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Teaching Profession (LECTURE)

THE TEACHER AND SOCIETY

Philosophical Background

Teachers are heirs to a rich philosophical heritage. Passed on to us are a number of philosophies of various thinkers who believed before us. These thinkers reflected on life in this planet. They occupied themselves by searching for answers to questions about human existence.

Five Philosophies of Education

Essentialism: Main proponent-William Bagley

Progressivism: “Education is nor preparation for life” Main proponent-John Dewey

Perennialism:Main proponent- Robert Hutchins

Existentialism:Existence precede essence” Main proponent- Jean Paul Sarte

Behaviorism: Main proponent-John Watson

Introduction

Man by nature is curious. He wants to know the “whatness, whyness, and howness” of the things around him. It is in the exploring of things that he finds fulfillment for the numerous complexities that confront him. The eagerness to look for more answers or find solution to manifolds problems that beset him leads him to the undending journey of seeking for truth. Truly , this manifests the true desire of man which is to know. It affirms not only his essence, his rationality. It is also a fulfillment of his purpose to keep the truth and pass it from one generation to another so as to preserve humanity.

Ideas flow from the human mind eternally. It is in the ideas that the truth lies. Undending as the ideas are, the more the need for a man to harness and cultivates it to perfection. Ideas that are not nourished and protected will not just prevent man in possessing the truth but it will also deprive him a taste of his rationality. Hence , ideas must and should be at all times shine in luster of naturalness, profound by simplicity and contain true and real meaning.

The truth in the ideas must be preserved in as much as man wants to preserve the gift of knowledge and wisdom that it brings. And delicate as it is, it should be  protected from all forms of deterioration and artificialities. Presented it maybe in various ways, the real meaning must be conveyed at all times.

It is Philosophizing that the ideas can be best presented and conveyed. This can be best enhanced through proper education. Since then philosophy and education complement and work hand-in-hand in the acquisition of knowledge and the preservation of Truth. True enough, one can say then that Philosophy is knowledge  and Education is the most essential tool of philosophy in the search for wisdom and truth.

Man and Philosophy

The ultimate aim of man is to possess for the Truth. The process ends not in the search but in the possession of the truth. It is in his capacity to think, to rationalize that the responsibility of philosophizing is realized. It is but proper then to have a closer look on the man and a glimpse of what philosophy is, so that we can fully understand the meaning of our search for the truth and the desire to possess it.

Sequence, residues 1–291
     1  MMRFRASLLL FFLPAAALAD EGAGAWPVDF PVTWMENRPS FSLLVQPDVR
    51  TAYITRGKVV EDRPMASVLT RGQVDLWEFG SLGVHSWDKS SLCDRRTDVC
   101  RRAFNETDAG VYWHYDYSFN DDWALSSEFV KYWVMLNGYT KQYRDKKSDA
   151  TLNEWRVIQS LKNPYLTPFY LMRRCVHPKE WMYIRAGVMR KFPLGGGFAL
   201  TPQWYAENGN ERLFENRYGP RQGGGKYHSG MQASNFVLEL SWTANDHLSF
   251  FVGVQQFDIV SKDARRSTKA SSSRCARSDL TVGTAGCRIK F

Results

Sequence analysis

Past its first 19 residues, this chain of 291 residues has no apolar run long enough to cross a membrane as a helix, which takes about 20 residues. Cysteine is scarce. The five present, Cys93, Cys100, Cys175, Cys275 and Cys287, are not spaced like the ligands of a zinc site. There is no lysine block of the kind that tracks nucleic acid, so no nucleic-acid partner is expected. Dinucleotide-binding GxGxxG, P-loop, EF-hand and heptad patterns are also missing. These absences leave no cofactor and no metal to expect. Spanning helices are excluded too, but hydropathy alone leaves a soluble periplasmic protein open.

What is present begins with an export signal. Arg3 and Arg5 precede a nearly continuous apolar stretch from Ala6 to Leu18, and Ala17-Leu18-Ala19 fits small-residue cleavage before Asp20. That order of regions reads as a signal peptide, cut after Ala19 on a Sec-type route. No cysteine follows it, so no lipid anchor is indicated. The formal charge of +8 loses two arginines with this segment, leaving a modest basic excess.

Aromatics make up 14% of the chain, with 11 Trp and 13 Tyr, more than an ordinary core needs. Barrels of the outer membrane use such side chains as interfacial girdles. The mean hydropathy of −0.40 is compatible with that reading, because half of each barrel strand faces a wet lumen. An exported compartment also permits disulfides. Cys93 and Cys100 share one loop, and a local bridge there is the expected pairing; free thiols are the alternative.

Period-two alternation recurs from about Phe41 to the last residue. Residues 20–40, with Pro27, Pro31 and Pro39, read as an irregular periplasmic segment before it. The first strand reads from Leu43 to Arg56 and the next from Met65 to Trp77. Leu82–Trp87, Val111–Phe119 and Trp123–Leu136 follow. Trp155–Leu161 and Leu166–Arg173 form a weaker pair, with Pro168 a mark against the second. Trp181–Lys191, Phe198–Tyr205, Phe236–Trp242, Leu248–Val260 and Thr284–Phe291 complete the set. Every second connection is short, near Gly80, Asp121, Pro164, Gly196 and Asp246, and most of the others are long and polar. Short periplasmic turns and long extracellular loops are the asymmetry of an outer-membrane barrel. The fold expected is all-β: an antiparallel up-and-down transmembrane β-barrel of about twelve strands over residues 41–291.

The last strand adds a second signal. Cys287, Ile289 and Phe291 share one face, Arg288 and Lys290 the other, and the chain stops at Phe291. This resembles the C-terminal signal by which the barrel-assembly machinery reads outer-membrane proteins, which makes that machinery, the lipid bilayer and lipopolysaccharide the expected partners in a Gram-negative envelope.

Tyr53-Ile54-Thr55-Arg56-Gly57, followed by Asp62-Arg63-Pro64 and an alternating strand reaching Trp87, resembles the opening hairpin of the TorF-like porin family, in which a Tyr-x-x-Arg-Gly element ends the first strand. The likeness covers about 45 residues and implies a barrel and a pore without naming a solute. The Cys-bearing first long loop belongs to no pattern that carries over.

Definition of Man

The quest for the truth is the ultimate goal of man. There is no way but up, the goal is to achieve it. Thus, man is defined vertically as Rational Animal.

Innate in man is the desire to be with his fellow beings. It is in his relationship with others that fulfillment of another dimension of his rationality is achieved. Time and time, it has been proven that man cannot live by himself alone. The need to share himself with others-share his innermost thoughts, feelings, experiences and unravel the kind of person he is-is a must fully realize the aspect of being political animal. Hence , the aim to develop a relationship not only with him spreads to other beings. Here he develops friendship, camaraderie, companionship with other fellow beings. He grows and finds fulfillment with them. This, man is defined horizontally as a SOCIAL or POLITICAL ANIMAL.

Being rational and social or political animal are not enough to realize the value of man. Another aspect must also be present, functionality. Man is created for a certain reason or purpose. He has a role to perform in order to preserve him and all other beings. He is the steward of the world. In this regard, man should work. Hence man is defines as a Working Animal.

Relationship of Philosophy and Education

While philosophy establishes the fundamental principles (concepts, theories, learning). It is Education that carries out these principle. Furthermore, it is Philosophy that provides the goal or aims while Education is the instrument in realizing these goals.

Philosophy and Education complement each other. Both of them spouse theory and practice. The absence of one of the one will make a man insufficient and aimless.

Philosophy of Education

Naturalism

  • Rooted from Ancient Philosopher such as Thales, Anaximander, Anaximenes
  • Denies everything that has supernatural significance-dogmas/revelations-for all can only be found through nature
  • Preserves the natural goodness of man
  • Truth can only be found nature
  • Advocates: J.J. Russeau, John Lock, Montaigne
  • On Education
  1. Naturalism stands for democratic and universal way-everyone must be educated in the same manner.
  2. Education is in accordance to human development and growth
  3. Emphasis is given more on the physical development- informal exercise-and hygiene of the person rather of the 3R’s
  4. Aims to unfold the child’s potential not to prepare him for a definite vocation or social position-but to prepare him to adapt to the changing times and needs. Consequently, ones conduct is governed by impulse, instinct and experience.